“So come to the pond, or the river of your imagination, or the harbor of your longing, and put your lips to the world. And live your life.”
My husband and I recently bought a house in the country. We have always been city folk, but we were craving a weekend getaway that would allow us to slow down and reconnect with nature. We wanted lazy afternoons on a sunny deck with the birds playing in the trees while we read actual books made out of paper.
I grew up in some of the greatest cities in the world, including Paris and Rome. But when I was eight years old, my family moved to Williamsburg, Virginia- a quaint, historic town with colonial houses, giant oak trees, and deer that would walk right up to your porch to sniff around.
I have fond memories of playing in the creek by my house, building forts out of sticks and rocks, and getting lost in the woods. I was friends with all the neighborhood kids and all summer long we would ride our bikes around town until dark. Parents weren’t particularly worried about the whereabouts of their kids, and we didn’t have cell phones to report back to them anyway. We had total freedom.
When I am in the country, I feel nostalgic for those days when I was young and unafraid, when I was full of joy and optimism. Or at least that’s how I remember it. Nostalgia can be a tricky thing. It has the tendency to gloss over our past and paint our memories in a way that seems perfect and glowing.
In the 50s, Americans were swept up in the nostalgia for small-town life. It seemed like the ideal setting to raise a family and reconnect with their American heritage. But increasingly over the past decade, suburban life has grown out of favor, and now cities are busting at the seams with families that want to raise their kids in a diverse, urban environment with access to modern amenities and vibrant culture.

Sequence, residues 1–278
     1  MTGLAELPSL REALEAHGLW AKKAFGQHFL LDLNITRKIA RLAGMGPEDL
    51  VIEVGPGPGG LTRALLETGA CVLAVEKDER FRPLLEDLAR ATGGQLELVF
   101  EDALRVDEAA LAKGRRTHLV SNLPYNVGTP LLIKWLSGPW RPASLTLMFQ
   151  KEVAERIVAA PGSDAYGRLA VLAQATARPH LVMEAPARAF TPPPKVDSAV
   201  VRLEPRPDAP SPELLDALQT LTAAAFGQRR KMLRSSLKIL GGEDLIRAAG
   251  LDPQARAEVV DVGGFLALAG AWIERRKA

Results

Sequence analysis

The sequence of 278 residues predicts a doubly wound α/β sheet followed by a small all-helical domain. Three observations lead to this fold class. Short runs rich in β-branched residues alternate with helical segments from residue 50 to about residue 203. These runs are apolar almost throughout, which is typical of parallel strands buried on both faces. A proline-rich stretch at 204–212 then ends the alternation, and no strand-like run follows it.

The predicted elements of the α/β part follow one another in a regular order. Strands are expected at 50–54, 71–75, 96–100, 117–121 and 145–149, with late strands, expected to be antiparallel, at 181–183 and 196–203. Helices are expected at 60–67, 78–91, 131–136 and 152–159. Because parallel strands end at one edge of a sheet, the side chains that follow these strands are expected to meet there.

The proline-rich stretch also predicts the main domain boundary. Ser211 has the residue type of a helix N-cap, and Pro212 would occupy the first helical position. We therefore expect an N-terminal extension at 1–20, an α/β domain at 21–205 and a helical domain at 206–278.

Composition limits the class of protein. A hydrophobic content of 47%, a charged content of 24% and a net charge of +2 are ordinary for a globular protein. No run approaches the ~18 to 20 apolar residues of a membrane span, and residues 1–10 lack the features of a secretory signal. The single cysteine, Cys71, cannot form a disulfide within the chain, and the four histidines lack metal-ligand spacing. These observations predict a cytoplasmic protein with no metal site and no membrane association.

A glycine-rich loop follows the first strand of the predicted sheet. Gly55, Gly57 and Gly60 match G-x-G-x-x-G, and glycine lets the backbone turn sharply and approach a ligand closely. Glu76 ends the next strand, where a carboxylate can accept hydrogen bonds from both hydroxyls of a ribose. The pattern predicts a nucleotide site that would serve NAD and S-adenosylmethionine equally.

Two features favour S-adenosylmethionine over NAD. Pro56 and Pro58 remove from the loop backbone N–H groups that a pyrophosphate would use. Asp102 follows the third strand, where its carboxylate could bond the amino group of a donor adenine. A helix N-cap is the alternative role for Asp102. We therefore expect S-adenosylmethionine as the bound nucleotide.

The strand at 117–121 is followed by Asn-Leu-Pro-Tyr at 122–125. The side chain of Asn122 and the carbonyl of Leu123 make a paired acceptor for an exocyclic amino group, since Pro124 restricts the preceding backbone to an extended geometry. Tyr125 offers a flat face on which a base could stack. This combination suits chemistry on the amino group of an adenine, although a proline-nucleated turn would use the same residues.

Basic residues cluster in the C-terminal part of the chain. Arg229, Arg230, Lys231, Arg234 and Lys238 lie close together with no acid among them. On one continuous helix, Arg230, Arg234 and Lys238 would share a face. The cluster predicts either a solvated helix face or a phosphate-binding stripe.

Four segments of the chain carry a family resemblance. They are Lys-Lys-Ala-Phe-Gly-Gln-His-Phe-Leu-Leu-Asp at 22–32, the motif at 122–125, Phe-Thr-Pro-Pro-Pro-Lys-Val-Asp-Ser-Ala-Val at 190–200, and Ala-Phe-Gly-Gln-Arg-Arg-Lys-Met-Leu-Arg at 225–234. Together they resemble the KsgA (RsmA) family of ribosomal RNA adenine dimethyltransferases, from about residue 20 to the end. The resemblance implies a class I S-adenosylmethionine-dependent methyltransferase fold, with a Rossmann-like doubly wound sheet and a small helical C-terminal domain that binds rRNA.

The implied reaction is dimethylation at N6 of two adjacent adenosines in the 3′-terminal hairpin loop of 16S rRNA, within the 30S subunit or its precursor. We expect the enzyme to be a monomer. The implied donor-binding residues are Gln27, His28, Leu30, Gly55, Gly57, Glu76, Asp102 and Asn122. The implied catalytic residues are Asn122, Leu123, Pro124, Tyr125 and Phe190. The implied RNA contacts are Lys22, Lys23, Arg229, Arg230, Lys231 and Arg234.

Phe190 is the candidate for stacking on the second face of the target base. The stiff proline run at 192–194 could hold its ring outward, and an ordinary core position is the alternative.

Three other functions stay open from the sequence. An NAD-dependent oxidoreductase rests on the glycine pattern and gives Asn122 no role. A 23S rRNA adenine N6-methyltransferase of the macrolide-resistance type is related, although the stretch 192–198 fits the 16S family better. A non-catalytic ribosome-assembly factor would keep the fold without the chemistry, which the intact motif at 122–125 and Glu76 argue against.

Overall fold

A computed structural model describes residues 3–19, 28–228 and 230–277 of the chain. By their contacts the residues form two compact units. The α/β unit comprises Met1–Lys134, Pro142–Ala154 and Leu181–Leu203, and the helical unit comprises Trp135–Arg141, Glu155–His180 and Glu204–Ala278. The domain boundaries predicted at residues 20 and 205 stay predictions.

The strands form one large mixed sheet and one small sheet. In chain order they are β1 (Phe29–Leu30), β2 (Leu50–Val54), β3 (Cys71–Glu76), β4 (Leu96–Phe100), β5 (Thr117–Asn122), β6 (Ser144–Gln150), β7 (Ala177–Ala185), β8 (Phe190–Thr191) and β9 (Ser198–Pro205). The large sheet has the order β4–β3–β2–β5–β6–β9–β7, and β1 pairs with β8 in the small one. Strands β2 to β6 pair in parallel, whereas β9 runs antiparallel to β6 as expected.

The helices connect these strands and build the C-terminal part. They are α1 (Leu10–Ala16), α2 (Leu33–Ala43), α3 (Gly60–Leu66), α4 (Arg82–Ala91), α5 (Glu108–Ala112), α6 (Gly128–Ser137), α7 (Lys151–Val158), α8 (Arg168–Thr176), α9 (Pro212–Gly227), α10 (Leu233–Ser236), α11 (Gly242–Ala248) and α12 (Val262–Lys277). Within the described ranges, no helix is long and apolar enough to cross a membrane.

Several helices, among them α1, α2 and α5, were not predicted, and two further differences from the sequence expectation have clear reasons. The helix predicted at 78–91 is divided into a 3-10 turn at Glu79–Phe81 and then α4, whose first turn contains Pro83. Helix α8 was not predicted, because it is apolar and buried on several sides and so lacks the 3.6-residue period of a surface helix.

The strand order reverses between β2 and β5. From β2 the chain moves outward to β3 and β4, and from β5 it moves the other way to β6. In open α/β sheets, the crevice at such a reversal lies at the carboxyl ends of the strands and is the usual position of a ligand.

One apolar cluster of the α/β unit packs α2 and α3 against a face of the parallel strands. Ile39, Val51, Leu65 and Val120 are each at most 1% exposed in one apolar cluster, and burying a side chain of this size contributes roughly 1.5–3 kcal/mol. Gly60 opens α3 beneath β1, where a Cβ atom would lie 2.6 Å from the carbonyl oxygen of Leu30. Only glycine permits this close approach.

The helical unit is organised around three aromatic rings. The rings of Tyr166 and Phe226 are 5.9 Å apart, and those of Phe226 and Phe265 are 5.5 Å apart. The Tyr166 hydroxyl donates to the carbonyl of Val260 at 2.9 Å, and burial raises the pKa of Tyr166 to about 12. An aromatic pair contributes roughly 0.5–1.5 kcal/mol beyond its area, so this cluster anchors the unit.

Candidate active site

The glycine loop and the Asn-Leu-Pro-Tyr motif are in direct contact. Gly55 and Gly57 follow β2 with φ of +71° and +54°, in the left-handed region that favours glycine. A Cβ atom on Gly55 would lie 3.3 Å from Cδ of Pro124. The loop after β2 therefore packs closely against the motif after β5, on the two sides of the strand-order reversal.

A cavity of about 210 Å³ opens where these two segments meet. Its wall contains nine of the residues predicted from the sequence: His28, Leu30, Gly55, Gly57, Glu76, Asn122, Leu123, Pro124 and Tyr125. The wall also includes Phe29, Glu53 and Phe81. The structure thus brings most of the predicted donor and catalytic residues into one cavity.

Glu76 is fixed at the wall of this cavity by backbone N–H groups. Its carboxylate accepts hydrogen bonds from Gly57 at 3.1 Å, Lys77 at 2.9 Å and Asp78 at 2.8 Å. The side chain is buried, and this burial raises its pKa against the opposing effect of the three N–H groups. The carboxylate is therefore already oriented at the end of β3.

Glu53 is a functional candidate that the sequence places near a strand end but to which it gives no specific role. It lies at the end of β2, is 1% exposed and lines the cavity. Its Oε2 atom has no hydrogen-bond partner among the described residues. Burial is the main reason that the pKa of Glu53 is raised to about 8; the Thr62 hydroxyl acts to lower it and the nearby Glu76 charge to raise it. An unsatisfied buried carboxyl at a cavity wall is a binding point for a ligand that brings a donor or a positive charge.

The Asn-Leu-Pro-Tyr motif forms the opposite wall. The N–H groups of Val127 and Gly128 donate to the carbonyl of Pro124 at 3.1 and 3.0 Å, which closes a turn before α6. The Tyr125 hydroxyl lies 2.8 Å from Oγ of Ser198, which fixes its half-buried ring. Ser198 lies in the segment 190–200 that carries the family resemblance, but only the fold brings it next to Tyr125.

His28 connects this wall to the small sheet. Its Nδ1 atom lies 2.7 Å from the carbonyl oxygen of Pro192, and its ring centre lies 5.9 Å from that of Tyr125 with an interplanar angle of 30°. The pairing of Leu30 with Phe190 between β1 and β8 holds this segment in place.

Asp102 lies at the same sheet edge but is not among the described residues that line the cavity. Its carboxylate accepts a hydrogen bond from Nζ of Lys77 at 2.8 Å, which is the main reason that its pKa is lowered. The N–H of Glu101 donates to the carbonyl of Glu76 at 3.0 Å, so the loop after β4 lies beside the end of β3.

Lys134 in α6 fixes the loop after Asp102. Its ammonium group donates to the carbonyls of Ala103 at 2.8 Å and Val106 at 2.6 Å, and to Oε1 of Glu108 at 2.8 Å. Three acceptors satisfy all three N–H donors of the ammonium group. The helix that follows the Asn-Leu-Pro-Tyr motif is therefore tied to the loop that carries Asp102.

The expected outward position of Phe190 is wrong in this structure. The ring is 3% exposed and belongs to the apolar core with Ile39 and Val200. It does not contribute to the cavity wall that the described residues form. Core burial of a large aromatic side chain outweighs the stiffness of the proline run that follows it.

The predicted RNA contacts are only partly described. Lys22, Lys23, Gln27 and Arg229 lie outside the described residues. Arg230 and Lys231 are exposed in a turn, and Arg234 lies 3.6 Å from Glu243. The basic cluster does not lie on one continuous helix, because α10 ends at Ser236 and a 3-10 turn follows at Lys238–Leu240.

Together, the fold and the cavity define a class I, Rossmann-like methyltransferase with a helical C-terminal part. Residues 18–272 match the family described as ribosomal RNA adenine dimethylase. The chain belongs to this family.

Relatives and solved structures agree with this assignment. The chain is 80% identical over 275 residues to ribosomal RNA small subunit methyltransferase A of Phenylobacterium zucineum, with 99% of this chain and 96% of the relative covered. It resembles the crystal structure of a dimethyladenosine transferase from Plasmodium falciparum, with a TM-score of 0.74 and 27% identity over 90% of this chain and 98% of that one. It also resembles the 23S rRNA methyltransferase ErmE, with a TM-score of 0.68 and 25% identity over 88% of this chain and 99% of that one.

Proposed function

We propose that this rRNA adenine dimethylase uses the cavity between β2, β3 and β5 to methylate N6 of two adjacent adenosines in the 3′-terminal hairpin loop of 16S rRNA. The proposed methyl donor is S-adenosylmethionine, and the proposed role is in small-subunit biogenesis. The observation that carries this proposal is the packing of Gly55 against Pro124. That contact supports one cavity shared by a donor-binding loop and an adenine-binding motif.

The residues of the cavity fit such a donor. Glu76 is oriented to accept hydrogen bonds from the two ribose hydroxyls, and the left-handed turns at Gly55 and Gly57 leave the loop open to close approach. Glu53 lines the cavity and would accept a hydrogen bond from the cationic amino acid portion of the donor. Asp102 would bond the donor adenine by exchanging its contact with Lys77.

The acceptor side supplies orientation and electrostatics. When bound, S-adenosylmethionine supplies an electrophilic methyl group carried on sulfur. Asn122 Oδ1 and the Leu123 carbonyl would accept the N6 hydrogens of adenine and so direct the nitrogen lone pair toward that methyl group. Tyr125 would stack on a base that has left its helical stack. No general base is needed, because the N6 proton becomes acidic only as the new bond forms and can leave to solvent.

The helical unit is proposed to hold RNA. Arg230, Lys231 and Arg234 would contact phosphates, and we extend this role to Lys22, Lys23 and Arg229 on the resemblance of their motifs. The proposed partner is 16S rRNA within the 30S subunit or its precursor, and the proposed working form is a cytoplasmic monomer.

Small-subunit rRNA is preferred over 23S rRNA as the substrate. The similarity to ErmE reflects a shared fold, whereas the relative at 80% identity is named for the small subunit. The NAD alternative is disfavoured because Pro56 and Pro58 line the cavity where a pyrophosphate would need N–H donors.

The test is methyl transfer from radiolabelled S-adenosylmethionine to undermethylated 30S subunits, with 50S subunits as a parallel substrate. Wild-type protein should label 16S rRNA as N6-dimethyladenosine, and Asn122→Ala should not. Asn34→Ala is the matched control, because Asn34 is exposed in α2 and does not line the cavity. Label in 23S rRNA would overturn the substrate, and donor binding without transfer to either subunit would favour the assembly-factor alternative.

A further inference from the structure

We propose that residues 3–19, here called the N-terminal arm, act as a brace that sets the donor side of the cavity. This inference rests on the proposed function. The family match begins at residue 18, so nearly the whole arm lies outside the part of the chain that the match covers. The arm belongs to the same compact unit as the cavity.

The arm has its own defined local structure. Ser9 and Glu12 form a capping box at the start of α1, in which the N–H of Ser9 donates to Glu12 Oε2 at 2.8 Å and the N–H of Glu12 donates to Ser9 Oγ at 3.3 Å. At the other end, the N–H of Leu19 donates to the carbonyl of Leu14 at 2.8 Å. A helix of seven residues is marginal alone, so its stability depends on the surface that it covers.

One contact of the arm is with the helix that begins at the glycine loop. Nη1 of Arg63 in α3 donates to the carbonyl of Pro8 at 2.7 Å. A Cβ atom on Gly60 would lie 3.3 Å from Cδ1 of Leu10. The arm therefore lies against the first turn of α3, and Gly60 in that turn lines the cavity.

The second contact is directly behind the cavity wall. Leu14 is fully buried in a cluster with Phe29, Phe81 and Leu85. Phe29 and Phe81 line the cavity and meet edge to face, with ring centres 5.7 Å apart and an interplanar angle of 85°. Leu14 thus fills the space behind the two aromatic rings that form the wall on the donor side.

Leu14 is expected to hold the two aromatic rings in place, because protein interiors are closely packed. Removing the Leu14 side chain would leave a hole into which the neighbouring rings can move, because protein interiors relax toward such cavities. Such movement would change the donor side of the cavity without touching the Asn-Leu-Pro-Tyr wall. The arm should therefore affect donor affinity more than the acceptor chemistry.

I suggest a compromise. If you live in a city, then go spend at least some of your weekends in the country. There are so many AirBnB options now, that it’s easy to get a local experience in a small town near you. If you live in the country, drive into the city and take in that energy. Dress up and hit the town, maybe see a show and have an amazing meal.
Now that I’m in my 30s, I can’t do city life 24/7. I need a respite where the air is crisp, the trees are towering, and all you can hear at night are crickets and the leaves rustling in the breeze. I still thrive on the excitement of the city, but I feel more balanced when I can take breaks and retreat to the serenity of the country.
As my husband and I drive up to our house through endless rolling hills of verdant farmland, I am overwhelmed with awe of this nation’s great beauty. When I am in nature, I feel like a kid again, and I realize I took for granted the bucolic years of my childhood. I’m grateful that my nostalgia has lead me back to a simpler way of life, and I feel blessed to own a little piece of this California countryside. It is my American dream come true.